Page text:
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Kaoru Kuroda

Kaoru Kuroda is a partner in Abe, Ikubo and Katayama, where her practice focuses on providing the highest quality results for foreign corporations in patent litigation and other intellectual property matters. In particular, Kaoru has significant experience representing clients in patent litigation involving major entities in the pharmaceutical, chemical, electronic, semiconductor, and telecommunication industries. Kaoru has demonstrated an ability to present a myriad of complex technologies in simple and understandable terms both in writing and in oral argument.

Kaoru received a Master of Science in chemistry from Kyoto University. Before admitted to the Japanese Bar in 2007, she had dealt with patent prosecutions and invalidation trials in the fields of organic compounds, pharmaceuticals, machines, electronic materials, business methods, and others for eight years. Kaoru served as a judicial intern for Chief Judge Rader at the U.S. Court of Appeals for the Federal Circuit in 2011–2012. After admitted to the New York Bar in 2012, she worked at Kirkland & Ellis LLP as a visiting attorney for six months.

Kaoru frequently speaks about diverse issues of patent law and other intellectual property matters at conferences and seminars both in Japanese and English. Kaoru has also participated in legal education by lecturing at the Japan Patent Office, Tokyo University, Kobe University, and other organizations.

Kaoru has taken an active role as a member of Patent System Subcommittee and Design System Subcommittee of the Intellectual Property Committee under the Japanese Government Industrial Structure Council in which to discuss revision of the Patent Act and the Design Act.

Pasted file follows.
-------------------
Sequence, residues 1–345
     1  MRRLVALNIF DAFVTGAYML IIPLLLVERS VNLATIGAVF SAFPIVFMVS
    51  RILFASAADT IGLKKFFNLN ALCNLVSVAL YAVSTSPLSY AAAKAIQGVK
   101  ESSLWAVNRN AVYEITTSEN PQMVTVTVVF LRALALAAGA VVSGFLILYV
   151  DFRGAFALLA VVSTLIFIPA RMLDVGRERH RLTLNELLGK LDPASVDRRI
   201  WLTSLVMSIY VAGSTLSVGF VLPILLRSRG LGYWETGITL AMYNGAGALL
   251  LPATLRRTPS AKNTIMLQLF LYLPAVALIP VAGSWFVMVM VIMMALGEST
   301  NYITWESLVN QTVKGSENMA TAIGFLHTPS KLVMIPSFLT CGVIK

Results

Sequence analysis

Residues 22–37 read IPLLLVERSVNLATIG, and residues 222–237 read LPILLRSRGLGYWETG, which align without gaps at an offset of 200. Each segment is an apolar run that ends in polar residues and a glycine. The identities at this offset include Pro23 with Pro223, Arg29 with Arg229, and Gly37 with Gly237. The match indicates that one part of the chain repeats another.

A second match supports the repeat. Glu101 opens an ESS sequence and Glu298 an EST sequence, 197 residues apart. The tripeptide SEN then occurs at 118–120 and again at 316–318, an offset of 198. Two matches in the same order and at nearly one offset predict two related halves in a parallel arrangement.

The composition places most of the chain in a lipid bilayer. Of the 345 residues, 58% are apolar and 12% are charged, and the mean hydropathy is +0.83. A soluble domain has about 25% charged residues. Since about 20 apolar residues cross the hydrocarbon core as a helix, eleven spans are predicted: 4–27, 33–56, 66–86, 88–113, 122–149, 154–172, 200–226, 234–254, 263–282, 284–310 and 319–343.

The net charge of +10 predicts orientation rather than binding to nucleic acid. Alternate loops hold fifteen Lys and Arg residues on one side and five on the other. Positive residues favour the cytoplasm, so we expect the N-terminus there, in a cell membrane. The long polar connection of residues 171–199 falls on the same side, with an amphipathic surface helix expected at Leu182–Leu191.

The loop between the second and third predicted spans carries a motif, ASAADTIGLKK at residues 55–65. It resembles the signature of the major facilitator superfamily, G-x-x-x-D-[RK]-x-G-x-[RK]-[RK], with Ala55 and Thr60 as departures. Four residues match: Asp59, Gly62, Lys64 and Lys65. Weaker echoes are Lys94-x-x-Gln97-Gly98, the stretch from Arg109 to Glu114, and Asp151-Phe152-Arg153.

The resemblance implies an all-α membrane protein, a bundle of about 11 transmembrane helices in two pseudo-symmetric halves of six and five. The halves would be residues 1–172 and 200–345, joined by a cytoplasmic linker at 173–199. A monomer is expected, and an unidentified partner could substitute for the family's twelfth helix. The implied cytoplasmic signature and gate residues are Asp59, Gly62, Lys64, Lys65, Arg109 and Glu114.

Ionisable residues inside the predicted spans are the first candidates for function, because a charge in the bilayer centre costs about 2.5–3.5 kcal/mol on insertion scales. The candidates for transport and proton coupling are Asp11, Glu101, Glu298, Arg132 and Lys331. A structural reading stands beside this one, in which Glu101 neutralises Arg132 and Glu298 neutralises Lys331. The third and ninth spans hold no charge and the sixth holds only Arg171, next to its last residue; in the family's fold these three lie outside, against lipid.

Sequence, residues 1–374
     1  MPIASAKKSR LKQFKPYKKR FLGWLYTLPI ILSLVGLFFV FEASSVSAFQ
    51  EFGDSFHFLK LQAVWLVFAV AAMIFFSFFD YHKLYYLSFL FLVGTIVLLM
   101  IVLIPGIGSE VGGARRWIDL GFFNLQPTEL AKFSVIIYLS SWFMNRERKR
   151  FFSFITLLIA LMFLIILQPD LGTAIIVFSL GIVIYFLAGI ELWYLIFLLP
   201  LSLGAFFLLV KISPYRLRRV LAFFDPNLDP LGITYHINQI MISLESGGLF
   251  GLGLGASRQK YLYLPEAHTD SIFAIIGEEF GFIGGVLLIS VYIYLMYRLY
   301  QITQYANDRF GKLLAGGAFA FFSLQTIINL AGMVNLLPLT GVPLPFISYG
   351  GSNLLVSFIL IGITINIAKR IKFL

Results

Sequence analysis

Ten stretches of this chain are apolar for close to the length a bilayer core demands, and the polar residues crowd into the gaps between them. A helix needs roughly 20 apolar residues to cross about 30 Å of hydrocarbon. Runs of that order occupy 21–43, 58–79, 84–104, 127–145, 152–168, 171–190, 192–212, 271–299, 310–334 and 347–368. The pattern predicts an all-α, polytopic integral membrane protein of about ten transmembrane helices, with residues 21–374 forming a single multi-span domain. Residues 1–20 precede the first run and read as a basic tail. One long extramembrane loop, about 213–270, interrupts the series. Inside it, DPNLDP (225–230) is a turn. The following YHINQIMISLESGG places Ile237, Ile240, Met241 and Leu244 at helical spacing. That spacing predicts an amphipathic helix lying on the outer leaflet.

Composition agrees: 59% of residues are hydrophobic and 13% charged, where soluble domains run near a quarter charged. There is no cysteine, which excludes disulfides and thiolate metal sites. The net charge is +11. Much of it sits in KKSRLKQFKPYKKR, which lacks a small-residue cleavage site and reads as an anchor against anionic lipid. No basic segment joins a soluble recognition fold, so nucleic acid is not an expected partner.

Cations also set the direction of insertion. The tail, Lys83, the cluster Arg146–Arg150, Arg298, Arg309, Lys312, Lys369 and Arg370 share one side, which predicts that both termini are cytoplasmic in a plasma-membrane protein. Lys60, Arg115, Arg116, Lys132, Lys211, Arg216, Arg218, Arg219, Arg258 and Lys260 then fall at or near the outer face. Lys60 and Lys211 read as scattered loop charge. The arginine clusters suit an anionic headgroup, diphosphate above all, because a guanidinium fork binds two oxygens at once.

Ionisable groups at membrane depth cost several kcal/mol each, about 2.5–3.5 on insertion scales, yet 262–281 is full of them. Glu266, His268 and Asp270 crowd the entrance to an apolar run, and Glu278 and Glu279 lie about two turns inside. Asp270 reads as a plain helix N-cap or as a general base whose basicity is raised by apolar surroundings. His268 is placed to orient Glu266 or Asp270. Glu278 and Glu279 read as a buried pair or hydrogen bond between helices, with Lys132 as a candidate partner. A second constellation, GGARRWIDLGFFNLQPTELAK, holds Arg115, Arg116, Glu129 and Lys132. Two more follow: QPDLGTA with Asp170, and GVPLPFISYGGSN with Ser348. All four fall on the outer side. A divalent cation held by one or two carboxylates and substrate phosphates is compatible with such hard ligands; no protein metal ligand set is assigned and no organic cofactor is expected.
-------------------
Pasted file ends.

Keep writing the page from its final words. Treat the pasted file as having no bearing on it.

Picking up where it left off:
Recent Articles by Kaoru Kuroda

Amicus Curiae Practice is Set to Make Its Statutory Debut in Japan

In the United States and other countries, there is a growing awareness and increasing appreciation of the purpose and value of amicus curiae practice as an aid in adjudicative decision-making. The role of an amicus curiae (“friend of the court”) brief in support of a party, or in support of no party, is to supply, voluntarily, the presiding court or other tribunal in cases of controversy with pertinent information, insights, or arguments in a formal, publicly accessible manner. Toward that end, a well-written amicus brief is one that is useful to the decision-maker(s) in calling attention to relevant or material factual or legal aspects of the issue(s) in contention – aspects that the decision-maker(s) or the party-litigants may not have been aware of or able to develop fully.